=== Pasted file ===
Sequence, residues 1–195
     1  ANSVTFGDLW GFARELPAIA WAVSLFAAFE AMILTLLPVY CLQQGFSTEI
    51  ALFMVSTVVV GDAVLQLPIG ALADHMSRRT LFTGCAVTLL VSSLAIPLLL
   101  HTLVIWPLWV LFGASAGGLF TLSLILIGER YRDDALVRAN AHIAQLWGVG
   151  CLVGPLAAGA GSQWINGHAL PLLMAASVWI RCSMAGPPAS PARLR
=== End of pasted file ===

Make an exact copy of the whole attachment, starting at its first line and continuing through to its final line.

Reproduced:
Sequence, residues 1–195
     1  ANSVTFGDLW GFARELPAIA WAVSLFAAFE AMILTLLPVY CLQQGFSTEI
    51  ALFMVSTVVV GDAVLQLPIG ALADHMSRRT LFTGCAVTLL VSSLAIPLLL
   101  HTLVIWPLWV LFGASAGGLF TLSLILIGER YRDDALVRAN AHIAQLWGVG
   151  CLVGPLAAGA GSQWINGHAL PLLMAASVWI RCSMAGPPAS PARLR